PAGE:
I was born under a “wand’rin’ star.” If you’re familiar with the old musical Paint Your Wagon, you might remember Lee Marvin’s gravelly voice singing that song. My husband always says that’s should be my theme song, because I like to travel and move around.
On to Bath
Now we’re on the move again. We’ve just moved from London to Bath. Although we’re keeping our place in London and will go back and forth, Bath is a more comfortable place to be during this time. London is great, but all the things that make it exciting – theatres, museums, galleries – are closed for now.
So we have settled in Bath which is a lovely small city about 120 miles west of London in the county of Somerset. It sits alongside the River Avon and is surrounded by beautiful countryside. And the whole city is a UNESCO World Heritage site.
The Baths of Bath
Bath is named and famed for its hot spring. According to legend, Prince Bladud and his herd of pigs found the steaming stream first. Later the Romans came along and built a large bath house complex over it.
The remains of the Roman baths can still be seen and visited. And, in normal times, you can also visit a modern spa which uses water from the same hot spring that the Romans bathed in. You can read about visiting the baths here.
A Georgian City
Bath is a beautiful place. Most of honey-colored stone buildings that we see today were built during the Georgian era (1714 to 1837, during the reign of the King Georges: I, II, III, and IV).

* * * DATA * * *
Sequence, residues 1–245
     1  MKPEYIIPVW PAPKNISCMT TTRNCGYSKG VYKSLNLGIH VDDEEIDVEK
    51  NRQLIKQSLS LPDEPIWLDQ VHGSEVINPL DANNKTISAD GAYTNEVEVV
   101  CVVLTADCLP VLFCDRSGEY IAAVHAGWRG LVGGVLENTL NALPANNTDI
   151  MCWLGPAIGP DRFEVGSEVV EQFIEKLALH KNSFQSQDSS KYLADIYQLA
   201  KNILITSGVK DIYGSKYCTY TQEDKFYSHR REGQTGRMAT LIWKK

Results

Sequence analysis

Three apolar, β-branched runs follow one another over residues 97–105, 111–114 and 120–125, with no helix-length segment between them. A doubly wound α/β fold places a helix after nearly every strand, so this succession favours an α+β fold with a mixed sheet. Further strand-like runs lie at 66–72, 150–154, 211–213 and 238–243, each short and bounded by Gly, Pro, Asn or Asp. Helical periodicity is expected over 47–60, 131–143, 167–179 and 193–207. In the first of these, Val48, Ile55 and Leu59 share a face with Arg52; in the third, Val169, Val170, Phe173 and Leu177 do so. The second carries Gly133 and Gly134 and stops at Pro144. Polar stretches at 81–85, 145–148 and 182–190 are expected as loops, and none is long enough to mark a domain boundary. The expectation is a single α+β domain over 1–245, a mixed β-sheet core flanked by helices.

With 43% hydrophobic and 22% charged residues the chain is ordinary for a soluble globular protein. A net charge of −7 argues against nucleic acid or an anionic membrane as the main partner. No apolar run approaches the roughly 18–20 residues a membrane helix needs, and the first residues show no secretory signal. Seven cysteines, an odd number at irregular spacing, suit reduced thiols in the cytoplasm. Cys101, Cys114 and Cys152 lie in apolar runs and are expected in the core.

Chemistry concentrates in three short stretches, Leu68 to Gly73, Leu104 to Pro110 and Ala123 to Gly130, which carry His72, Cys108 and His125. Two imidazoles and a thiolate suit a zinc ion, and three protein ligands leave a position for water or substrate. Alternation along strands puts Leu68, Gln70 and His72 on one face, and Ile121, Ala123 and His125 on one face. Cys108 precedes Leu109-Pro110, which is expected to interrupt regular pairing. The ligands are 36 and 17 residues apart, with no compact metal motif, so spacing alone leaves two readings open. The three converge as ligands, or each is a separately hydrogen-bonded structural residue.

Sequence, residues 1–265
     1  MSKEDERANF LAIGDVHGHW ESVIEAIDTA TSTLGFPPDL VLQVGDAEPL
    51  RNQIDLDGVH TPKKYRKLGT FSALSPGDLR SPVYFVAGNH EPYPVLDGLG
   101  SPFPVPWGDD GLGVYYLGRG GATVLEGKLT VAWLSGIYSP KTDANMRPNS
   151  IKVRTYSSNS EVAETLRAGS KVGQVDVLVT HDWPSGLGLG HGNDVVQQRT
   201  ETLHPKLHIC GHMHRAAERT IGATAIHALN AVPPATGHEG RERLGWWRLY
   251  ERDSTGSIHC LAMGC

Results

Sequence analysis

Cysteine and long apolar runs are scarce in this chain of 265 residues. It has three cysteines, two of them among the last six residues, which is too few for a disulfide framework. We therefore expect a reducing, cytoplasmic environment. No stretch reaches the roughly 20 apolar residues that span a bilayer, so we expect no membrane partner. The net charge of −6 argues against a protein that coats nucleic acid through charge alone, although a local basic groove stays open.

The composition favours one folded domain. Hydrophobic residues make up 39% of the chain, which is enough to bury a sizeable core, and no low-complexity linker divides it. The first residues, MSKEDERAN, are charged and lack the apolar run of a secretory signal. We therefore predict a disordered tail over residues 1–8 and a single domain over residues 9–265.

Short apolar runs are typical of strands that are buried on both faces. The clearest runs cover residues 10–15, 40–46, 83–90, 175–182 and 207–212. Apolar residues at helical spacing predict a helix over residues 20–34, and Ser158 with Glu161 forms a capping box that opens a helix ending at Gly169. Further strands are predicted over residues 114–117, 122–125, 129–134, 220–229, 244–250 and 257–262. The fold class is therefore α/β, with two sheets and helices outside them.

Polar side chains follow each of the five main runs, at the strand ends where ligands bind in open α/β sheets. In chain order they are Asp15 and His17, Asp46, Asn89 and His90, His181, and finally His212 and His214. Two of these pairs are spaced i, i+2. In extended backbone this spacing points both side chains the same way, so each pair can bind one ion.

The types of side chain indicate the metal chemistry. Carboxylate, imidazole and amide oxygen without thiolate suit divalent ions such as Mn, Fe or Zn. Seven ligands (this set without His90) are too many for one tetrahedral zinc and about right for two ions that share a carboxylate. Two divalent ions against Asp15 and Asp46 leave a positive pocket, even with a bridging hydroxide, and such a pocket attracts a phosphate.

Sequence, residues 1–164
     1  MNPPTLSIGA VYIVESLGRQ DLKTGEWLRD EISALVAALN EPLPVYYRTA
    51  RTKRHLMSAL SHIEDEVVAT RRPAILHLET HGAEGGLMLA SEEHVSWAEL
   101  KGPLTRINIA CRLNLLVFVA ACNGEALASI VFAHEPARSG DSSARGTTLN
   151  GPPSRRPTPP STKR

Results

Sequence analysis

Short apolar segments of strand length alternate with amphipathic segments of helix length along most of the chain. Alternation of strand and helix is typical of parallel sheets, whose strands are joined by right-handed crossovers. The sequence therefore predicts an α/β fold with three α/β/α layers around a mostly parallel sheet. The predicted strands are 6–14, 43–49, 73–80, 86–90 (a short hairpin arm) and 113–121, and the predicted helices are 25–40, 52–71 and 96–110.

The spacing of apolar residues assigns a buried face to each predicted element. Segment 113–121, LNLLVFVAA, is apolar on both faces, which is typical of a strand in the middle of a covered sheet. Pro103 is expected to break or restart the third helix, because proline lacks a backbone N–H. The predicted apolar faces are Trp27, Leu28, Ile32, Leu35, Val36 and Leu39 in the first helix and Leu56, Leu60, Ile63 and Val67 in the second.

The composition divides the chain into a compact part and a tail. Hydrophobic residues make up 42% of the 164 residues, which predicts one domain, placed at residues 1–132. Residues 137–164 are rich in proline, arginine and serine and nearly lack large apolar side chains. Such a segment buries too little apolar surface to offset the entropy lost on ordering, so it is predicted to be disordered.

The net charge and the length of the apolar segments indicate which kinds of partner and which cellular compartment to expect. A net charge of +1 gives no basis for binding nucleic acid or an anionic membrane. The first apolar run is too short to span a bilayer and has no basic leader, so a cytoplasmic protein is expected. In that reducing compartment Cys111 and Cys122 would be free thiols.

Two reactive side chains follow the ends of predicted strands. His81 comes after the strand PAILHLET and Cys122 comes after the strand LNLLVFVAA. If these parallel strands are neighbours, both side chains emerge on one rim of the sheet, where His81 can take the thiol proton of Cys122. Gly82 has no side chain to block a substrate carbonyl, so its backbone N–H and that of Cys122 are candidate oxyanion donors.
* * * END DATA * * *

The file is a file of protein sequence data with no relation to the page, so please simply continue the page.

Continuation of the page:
The style is classical and harmonious, and it’s easy to imagine Jane Austen walking the streets in her bonnet and empire-waisted dress. And, indeed, Jane did walk these streets. She lived in Bath from 1801 to 1806. And two of her novels, Northanger Abbey and Persuasion, are set here. There’s a Jane Austin Museum which I hope to visit when it reopens. And there’s even a Jane Austen Festival when many people dress in Empire style clothes and promenade through the city.
Much More to See
There are lots of other places in and around Bath that I want to explore as well – when things get back to something like normal. There’s an interesting Abbey, a very particular bridge, a special Bath Bun (the edible kind), and I’ve noticed several chocolate and fudge shops I need to try… So, I’ll keep you posted.
Hope you are all well, healthy, and happy.
You Might Also Like:
- Bladud: Legendary Founder of Bath (and his pigs)
- Bathing and Cursing Like a Roman in Bath, England
- A Stonehenge Story: How to Move a Monument
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